I don’t know why people are still searching for the best chocolate chip cookie recipe, because this is obviously it. Just kidding. But it’s very high on my list. The recipe is adapted from Bon Appetit. It was created by Chris Morocco who made batches upon batches to get the perfect texture of crispy edges and chewy centers with rich caramel, vanilla and butter flavor. The cookies are soft, but not at all cakey, and they are dense but not doughy or corn-starchy. They are very much like the old and well-loved Cook’s Illustrated recipe, but a little more full-flavored. I just really love this recipe. And bonus! It doesn't require any creaming.
Stirring and Standing for Caramelization
Since this recipe appears to be a riff on an old famous Cook's Illustrated recipe, I made it again and added back a step that CI originally used. The step is stirring the butter and sugar mixture, letting it stand for 3 minutes and repeating a couple of times before adding the flour. This is supposed to dissolve the brown sugar more. Dissolved brown sugar means quicker caramelization. This is part of the reason dough that's been sitting in the refrigerator for a day or two browns better. More of the sugar has dissolved into the dough.
Loose Dough Requires Chilling
Even with the stirring, BA's version is still too loose to shape right away. Contrary to what the original BA article says, it seems the dough does need some chill time. When I make the cookies, the shaped dough goes into the refrigerator looking something like this.
The blobs of dough can be shaped into nicer rounds once they're a bit firmer.
A Few More Tips for the Bon Appetit Chocolate Chip Cookies
210 grams works for me. If you don't have a scale, use the stir, scoop and level method of measuring.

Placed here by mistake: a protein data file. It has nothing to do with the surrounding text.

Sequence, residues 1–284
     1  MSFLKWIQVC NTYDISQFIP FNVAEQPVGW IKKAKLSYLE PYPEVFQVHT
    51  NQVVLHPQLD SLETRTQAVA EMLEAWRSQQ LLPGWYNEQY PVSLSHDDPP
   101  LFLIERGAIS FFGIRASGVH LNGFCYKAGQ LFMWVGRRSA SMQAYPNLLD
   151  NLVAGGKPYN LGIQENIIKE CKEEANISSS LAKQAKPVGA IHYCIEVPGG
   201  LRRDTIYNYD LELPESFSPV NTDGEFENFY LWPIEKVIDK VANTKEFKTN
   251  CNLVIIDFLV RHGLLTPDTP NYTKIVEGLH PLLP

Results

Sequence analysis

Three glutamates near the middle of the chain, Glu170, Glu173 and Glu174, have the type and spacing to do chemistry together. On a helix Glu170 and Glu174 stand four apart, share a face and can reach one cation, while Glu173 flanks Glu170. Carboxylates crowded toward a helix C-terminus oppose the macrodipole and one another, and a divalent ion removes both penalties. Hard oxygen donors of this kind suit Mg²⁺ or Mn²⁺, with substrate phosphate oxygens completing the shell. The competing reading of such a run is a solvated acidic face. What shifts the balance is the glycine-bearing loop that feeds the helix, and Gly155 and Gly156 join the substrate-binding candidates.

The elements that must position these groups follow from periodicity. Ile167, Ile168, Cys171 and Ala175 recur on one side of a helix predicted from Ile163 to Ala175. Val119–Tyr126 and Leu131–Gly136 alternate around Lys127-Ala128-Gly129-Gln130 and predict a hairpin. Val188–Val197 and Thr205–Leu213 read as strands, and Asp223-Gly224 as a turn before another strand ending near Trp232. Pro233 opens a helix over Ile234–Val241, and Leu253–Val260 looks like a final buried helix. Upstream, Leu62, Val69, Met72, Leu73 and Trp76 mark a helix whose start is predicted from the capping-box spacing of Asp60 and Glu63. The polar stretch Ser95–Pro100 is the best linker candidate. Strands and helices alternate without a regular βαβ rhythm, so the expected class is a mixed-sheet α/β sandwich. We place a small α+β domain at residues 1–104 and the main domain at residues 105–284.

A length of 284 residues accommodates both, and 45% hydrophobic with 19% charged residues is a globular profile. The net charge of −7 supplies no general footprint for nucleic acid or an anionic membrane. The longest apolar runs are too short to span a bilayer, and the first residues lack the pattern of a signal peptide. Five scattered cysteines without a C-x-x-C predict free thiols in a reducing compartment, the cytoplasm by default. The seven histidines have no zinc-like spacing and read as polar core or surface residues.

Yes! I usually use light, or sometimes I'll mix the two. And sometimes I do use dark.
In my experience it sure does. It's so runny it's barely scoopable at first, but it firms up as it sets. And the cookies just taste so much better when made with chilled dough.
I almost always use Ghirardelli bittersweet chips for these.
Bon Appetit's New Best Chocolate Chip Cookies
- 12 tablespoons unsalted butter (170 grams)
- 1 cup packed dark brown sugar (200 grams)
- ¼ cup granulated sugar (50 grams)
- 1 teaspoon table salt
- 2 teaspoons vanilla extract
- 1 large egg
- 2 large egg yolks
- 1 ½ cups unbleached all-purpose flour, KA or a higher protein (210 grams)
- ¾ teaspoon baking soda
- 1 ½ cups semisweet chocolate chips or chunks
- Brown 8 tablespoons (114 grams) of the butter in a large (3 ½ quart) saucepan. Remove pan from heat and add remaining 4 tablespoons of butter, stirring with a heavy duty heat proof scraper until fully melted.
- At this point you can continue to mix in the same saucepan, or if it's easier you can mix in a mixing bowl. If using a mixing bowl, pour the browned butter into a mixing bowl with the dark brown sugar, sugar, salt and vanilla and stir until blended, then stir in the egg and yolks. Let mixture stand for 3 minutes.
- After 3 minutes, stir again for 30 seconds. Let stand for another 3 minutes, then whisk again. The standing time helps dissolve the sugar with the theory being that more dissolved sugar in the batter will contribute to extra caramelization while baking.
- Add the baking soda and stir until blended, than add the 210 grams of flour and stir. The batter will be thinner than typical chocolate chip cookie dough and most likely still a little warm. Allow it to stand for another 5 minutes (or until cool) then stir in the chocolate chips.
- The batter will still be pretty runny, so empty it onto a large plate, cover and chill for about 30 minutes or until it is thick enough to scoop into portions.
- When thick enough to shape, shape into 16 equal portions and keep the portions chilled until ready to bake. You can bake right away, or let them chill overnight.
- Preheat oven to 375 degrees F. Place on parchment lined baking sheets, 2 inches apart. Bake 10-14 minutes at 375 degrees F. Allow them to cool directly on the baking sheet for about 10 minutes, then transfer to a wire rack.